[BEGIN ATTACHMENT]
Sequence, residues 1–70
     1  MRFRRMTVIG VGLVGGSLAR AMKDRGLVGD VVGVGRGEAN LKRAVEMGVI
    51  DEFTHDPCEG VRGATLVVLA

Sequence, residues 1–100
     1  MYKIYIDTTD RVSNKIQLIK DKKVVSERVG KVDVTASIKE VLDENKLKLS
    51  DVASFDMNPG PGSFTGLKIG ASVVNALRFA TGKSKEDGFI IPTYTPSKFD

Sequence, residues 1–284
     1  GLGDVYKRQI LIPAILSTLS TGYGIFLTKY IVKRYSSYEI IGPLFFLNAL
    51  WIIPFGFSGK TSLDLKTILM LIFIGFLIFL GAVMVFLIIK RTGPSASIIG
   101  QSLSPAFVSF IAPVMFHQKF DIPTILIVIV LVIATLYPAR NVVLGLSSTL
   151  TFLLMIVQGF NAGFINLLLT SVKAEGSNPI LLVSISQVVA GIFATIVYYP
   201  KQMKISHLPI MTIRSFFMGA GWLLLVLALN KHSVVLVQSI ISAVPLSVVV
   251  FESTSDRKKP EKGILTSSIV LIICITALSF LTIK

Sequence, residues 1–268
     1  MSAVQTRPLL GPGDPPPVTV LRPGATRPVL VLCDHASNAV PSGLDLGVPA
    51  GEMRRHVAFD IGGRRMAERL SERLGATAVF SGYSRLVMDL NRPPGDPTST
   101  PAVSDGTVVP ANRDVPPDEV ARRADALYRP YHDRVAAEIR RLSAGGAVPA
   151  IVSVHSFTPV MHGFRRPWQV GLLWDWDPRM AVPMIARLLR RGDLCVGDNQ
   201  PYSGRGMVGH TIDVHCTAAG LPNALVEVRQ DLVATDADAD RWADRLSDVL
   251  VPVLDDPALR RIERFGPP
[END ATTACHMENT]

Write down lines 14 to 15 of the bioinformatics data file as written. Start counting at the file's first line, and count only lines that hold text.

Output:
Sequence, residues 1–268
     1  MSAVQTRPLL GPGDPPPVTV LRPGATRPVL VLCDHASNAV PSGLDLGVPA